Collecting every last moon however will often force you to complete some incredibly frustrating challenges that had me questioning that this was actually a game and not some attempt to put me in the hospital with a rage induced aneurysm. In particular, the jump rope challenge in New Donk city. Some challenges will require research into advanced jumping maneuvers the game doesn’t explain. I wound up refusing to bother with the end-game moon collection until I had the hardest challenges out of the way, since I reasoned it would be wasting time on the rest for game if I knew I’d forever be two moons short of total completion.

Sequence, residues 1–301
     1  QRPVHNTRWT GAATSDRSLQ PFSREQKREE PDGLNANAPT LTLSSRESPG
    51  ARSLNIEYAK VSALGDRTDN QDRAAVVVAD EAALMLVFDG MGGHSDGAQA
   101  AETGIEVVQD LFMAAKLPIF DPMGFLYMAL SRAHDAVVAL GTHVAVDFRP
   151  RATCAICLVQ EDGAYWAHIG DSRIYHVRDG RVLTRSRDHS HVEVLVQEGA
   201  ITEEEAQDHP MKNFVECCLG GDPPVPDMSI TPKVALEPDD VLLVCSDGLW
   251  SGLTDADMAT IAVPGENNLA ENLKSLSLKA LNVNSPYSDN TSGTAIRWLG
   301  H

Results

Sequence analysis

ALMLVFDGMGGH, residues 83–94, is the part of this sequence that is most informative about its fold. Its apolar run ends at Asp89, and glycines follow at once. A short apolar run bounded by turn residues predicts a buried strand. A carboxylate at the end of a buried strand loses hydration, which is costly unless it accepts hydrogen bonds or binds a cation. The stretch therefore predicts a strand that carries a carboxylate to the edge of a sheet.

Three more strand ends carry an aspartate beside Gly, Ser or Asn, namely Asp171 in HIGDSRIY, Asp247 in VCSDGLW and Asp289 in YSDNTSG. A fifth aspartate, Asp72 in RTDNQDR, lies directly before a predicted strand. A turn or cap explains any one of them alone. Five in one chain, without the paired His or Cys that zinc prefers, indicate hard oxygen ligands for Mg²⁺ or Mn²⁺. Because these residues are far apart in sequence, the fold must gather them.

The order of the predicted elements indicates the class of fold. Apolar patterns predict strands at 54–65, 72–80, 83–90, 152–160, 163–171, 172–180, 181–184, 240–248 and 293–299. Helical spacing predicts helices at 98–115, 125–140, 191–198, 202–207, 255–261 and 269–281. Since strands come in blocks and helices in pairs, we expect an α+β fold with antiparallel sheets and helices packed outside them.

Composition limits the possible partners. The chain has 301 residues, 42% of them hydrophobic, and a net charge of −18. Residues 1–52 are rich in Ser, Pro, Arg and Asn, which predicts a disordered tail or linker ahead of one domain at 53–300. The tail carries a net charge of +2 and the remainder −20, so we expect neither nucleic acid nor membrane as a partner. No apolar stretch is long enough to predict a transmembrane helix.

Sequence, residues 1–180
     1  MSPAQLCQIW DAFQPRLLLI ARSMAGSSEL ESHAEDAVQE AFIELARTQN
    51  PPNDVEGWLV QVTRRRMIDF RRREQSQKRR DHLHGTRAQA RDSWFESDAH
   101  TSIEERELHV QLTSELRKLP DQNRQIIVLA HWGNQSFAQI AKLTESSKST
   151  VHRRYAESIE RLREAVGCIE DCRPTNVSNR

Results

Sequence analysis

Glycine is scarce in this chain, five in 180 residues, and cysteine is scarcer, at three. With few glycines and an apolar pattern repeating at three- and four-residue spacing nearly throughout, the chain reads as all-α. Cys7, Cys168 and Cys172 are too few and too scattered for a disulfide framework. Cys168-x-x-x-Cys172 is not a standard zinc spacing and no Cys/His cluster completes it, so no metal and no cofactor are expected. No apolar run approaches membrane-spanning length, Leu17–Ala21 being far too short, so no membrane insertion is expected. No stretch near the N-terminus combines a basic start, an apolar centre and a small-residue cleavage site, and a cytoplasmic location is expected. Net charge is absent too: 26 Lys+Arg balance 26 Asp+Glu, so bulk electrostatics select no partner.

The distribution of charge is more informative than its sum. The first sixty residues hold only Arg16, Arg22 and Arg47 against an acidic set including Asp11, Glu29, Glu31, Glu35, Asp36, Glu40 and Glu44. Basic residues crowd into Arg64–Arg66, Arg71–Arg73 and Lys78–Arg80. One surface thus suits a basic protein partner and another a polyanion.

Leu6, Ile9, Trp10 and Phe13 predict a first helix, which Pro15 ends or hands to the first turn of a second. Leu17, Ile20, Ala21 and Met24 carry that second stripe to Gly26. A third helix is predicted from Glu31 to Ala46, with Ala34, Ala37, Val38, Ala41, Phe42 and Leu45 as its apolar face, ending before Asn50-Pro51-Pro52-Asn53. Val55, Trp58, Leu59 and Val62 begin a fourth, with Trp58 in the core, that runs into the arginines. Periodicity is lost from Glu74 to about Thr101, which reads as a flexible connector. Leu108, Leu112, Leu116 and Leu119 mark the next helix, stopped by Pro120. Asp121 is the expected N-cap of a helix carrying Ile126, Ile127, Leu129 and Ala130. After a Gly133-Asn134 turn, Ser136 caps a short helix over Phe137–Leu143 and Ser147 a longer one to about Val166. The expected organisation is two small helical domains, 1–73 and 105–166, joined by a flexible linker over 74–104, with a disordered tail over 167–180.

This edition of Super Mario combines some old and new elements, but takes a big part of it’s inspiration from Super Mario 64’s star collection and combines it with Korok seed hunting from Breath Of The Wild, giving you over 800 “Power Moons” to collect. The story portion is fairly short, and you will practically trip over a power moon every 10 feet to progress to the next kingdom. The game goes on after the theatrics of the story, and it’s real content and hours of gameplay depend on if your willing to hunt down the remaining power moons in each kingdom, and thankfully only requires about 600 to unlock the last major challenge and a unique item for beating it.